U.S. lawmaker's move to relist N.K. as terror sponsor reflects bipartisan stance: official
SEOUL, March 18 (Yonhap) -- A U.S. lawmaker's move to introduce legislation calling for redesignating North Korea as a state sponsor of terrorism reflects the U.S. legislature's "bipartisan" stance against a provocative North Korea, a Seoul official said Saturday.
U.S. Senator Ted Cruz (R-TX) has said he will introduce the motion next week, citing the recent assassination of Kim Jong-nam, the half brother of North Korean leader Kim Jong-un. It is a companion bill to similar legislation that Rep. Ted Poe tabled in the House in January.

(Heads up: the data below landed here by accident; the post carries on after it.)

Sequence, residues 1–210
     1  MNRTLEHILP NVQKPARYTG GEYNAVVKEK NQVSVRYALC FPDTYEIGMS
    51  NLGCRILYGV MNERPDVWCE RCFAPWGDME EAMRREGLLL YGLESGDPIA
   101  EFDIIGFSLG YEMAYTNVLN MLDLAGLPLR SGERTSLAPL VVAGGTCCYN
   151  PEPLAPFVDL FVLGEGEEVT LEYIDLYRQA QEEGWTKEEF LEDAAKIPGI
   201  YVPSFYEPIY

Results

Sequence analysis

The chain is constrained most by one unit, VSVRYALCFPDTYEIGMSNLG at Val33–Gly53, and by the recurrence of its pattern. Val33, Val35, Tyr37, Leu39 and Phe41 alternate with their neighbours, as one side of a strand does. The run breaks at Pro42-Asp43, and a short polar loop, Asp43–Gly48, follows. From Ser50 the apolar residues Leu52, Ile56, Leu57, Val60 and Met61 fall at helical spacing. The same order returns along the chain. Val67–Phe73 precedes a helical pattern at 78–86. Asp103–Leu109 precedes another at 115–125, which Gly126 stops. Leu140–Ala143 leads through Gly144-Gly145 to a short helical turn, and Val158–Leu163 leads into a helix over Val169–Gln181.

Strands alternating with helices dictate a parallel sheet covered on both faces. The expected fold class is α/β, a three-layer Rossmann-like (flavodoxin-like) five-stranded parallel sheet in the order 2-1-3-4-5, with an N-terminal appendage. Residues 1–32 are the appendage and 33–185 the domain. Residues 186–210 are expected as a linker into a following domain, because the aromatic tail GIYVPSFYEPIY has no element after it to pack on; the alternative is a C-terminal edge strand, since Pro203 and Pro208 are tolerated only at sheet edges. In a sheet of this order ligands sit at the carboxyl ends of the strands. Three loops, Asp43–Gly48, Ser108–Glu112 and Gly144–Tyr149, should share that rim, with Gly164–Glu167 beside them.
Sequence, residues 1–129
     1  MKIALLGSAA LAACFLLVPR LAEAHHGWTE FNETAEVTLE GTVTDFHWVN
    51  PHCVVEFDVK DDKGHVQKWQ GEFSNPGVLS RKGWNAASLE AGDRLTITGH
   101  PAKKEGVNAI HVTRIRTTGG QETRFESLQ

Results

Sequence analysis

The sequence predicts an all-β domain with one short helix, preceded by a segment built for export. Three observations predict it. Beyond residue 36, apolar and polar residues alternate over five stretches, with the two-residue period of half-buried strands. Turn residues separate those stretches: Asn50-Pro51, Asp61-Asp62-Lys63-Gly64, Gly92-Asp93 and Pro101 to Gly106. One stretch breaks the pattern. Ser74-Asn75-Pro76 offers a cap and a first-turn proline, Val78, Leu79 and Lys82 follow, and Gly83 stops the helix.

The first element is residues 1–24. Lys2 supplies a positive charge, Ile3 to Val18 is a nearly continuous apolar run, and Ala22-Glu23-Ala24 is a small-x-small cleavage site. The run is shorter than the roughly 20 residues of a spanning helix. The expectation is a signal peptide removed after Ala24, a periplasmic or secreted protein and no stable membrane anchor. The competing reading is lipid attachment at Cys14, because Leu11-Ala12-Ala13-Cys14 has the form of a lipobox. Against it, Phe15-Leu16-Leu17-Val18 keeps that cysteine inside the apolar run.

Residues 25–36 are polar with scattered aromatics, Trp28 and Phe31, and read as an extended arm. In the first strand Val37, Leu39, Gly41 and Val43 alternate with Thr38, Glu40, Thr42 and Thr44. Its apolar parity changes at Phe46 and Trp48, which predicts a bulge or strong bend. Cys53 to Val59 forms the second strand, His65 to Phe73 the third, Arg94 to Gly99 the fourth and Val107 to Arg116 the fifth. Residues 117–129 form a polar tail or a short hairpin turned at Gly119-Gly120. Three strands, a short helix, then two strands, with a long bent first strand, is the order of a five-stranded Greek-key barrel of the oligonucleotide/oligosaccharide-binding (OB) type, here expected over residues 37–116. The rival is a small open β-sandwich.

"We judge that the move reflects the U.S. parliament's serious concerns over North Korea's threats and its bipartisan, tough stance on the need for an in-depth review of the issue to put the North back on the list of state sponsors of terrorism," a senior official at Seoul's Ministry of Foreign Affairs said, declining to be named.
"The (Seoul) government will continue to make efforts to ensure that the North's nuclear and other issues will be dealt with in the framework of the South Korea-U.S. alliance and with U.S. Congress' bipartisan support," he added.
In recent months, Pyongyang has engaged in a series of provocative moves.
On Feb. 13, the North Korean leader's half brother was killed with a lethal nerve agent in the Malaysian capital of Kuala Lumpur. Seoul believes Pyongyang orchestrated the assassination, while the North denies its responsibility.
On March 6, the North fired four ballistic missiles towards the East Sea in response to the ongoing military drills between Seoul and Washington. The latest missile provocation came less than a month after it launched a new intermediate-range missile.